ABSTRACT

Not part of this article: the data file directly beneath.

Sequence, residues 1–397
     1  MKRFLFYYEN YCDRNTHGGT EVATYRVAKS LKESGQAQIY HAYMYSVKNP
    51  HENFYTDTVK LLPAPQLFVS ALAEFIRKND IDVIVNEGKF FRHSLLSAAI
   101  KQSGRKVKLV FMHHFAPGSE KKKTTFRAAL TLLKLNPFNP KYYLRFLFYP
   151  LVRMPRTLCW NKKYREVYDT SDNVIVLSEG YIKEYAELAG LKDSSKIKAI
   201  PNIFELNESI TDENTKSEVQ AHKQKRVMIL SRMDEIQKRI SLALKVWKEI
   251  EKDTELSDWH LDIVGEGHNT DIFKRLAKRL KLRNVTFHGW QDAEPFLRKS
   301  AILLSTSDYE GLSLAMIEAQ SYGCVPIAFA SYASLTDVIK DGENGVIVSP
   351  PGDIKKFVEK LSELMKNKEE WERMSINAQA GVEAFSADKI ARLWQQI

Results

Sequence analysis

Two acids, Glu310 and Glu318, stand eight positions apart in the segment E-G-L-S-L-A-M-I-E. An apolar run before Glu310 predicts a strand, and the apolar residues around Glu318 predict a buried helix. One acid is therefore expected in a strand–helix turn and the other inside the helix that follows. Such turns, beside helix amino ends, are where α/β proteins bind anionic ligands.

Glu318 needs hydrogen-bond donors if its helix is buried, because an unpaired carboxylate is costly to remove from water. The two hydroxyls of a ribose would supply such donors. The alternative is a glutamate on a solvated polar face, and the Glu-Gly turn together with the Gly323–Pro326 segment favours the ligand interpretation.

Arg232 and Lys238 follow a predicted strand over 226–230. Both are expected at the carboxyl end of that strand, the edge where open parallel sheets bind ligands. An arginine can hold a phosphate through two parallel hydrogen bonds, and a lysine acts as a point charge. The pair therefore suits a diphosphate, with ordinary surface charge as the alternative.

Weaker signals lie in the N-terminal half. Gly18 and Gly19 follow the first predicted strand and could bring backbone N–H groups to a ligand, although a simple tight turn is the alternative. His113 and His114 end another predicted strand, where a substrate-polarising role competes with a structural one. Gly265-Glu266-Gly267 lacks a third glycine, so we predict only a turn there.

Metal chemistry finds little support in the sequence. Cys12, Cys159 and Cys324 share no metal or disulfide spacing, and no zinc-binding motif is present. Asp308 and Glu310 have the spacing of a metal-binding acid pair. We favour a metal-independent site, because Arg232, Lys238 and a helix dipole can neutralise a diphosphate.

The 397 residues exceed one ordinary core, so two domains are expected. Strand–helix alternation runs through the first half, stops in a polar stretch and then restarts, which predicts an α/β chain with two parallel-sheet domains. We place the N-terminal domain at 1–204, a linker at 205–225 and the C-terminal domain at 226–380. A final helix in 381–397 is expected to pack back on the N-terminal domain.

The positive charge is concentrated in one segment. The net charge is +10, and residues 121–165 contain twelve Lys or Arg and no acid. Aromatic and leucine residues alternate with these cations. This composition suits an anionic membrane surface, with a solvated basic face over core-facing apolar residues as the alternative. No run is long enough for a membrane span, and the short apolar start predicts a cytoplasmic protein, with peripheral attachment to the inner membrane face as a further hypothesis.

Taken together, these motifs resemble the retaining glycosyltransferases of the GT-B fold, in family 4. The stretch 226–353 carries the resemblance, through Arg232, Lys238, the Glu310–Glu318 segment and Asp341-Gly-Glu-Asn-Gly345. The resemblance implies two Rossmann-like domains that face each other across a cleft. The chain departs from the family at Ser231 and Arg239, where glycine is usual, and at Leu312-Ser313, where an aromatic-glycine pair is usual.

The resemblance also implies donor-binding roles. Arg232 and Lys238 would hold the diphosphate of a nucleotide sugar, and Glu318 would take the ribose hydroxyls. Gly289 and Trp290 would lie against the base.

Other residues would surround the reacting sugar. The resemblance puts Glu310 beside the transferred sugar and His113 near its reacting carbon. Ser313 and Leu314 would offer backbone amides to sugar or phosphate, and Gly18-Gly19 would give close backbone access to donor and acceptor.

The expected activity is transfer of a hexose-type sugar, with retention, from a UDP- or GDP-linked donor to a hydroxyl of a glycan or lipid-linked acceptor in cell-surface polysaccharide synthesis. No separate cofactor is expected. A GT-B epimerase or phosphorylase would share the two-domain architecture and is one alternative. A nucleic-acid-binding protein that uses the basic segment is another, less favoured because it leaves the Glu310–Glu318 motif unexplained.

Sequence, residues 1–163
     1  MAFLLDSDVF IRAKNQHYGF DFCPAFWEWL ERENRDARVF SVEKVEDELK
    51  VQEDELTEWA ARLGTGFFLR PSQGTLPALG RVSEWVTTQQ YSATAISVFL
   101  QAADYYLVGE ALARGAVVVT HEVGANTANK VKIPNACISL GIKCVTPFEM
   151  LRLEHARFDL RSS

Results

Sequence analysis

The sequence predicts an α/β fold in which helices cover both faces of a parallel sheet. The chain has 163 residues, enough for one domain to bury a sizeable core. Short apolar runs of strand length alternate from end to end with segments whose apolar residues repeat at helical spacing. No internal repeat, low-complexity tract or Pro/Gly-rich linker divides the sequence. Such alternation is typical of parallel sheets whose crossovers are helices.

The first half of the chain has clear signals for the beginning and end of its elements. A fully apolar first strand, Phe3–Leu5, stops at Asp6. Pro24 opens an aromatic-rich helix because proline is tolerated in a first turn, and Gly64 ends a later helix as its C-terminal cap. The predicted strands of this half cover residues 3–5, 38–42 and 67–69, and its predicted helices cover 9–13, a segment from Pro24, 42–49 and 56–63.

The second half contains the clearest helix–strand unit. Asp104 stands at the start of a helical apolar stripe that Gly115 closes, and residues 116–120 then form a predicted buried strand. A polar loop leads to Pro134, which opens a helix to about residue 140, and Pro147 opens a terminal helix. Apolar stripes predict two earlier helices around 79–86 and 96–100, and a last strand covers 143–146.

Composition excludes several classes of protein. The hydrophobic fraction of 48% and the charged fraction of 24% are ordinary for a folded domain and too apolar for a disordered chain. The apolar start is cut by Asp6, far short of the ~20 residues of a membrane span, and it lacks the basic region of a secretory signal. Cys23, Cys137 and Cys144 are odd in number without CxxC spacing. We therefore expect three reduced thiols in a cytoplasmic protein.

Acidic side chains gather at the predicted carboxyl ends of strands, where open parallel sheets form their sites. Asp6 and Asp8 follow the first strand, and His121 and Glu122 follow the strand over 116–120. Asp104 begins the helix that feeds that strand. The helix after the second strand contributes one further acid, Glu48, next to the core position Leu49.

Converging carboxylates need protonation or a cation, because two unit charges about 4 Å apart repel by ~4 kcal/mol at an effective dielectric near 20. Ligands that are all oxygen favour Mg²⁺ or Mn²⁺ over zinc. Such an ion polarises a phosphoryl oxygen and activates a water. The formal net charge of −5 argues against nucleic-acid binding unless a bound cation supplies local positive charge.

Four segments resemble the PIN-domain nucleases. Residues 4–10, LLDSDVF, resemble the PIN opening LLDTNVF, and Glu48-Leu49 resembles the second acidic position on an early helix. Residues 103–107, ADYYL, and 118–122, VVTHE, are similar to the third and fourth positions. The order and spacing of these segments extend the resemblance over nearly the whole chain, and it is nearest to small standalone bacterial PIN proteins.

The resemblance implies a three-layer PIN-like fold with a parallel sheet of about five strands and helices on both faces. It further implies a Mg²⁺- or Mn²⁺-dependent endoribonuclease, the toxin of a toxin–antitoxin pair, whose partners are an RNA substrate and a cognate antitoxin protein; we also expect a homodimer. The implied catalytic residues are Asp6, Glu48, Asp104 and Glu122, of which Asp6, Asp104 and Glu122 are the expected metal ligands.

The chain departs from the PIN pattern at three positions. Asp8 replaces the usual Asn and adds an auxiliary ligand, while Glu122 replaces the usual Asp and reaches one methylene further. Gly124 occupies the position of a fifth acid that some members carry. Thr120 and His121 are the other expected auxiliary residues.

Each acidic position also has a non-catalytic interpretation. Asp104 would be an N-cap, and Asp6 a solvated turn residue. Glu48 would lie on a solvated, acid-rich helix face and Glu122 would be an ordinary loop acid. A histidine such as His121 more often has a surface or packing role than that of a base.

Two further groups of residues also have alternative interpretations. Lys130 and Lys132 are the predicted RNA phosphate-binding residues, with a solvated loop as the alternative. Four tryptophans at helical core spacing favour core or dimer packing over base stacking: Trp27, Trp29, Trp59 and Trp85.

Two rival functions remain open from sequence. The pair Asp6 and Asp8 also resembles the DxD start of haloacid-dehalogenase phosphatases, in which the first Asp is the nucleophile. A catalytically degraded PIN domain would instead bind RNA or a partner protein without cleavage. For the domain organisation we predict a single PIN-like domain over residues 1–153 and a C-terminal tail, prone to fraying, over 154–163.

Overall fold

Since the late 1950s, the subject of divorce has aroused considerable academic interest, beginning with Nye's (1957) seminal and revolutionary study of children from "broken" and "unhappy unbroken" homes. Nye reported that children from broken homes showed similar or better social adjustment than their counterparts in unhappy intact families. Nye had thereby thrown down the gauntlet, challenging theorists and researchers in a broad spectrum of disciplines who had assumed that the nuclear family, with its fixed roles and prescribed functions, was the only setting in which normal growth and development could occur. The initial and most serious challenge was to the notions about the father's role in the subsequent development of his children. Following the publication of Nye's work, there followed more than a decade of research on the varying effects of the father's absence, chiefly regarding the development of male children.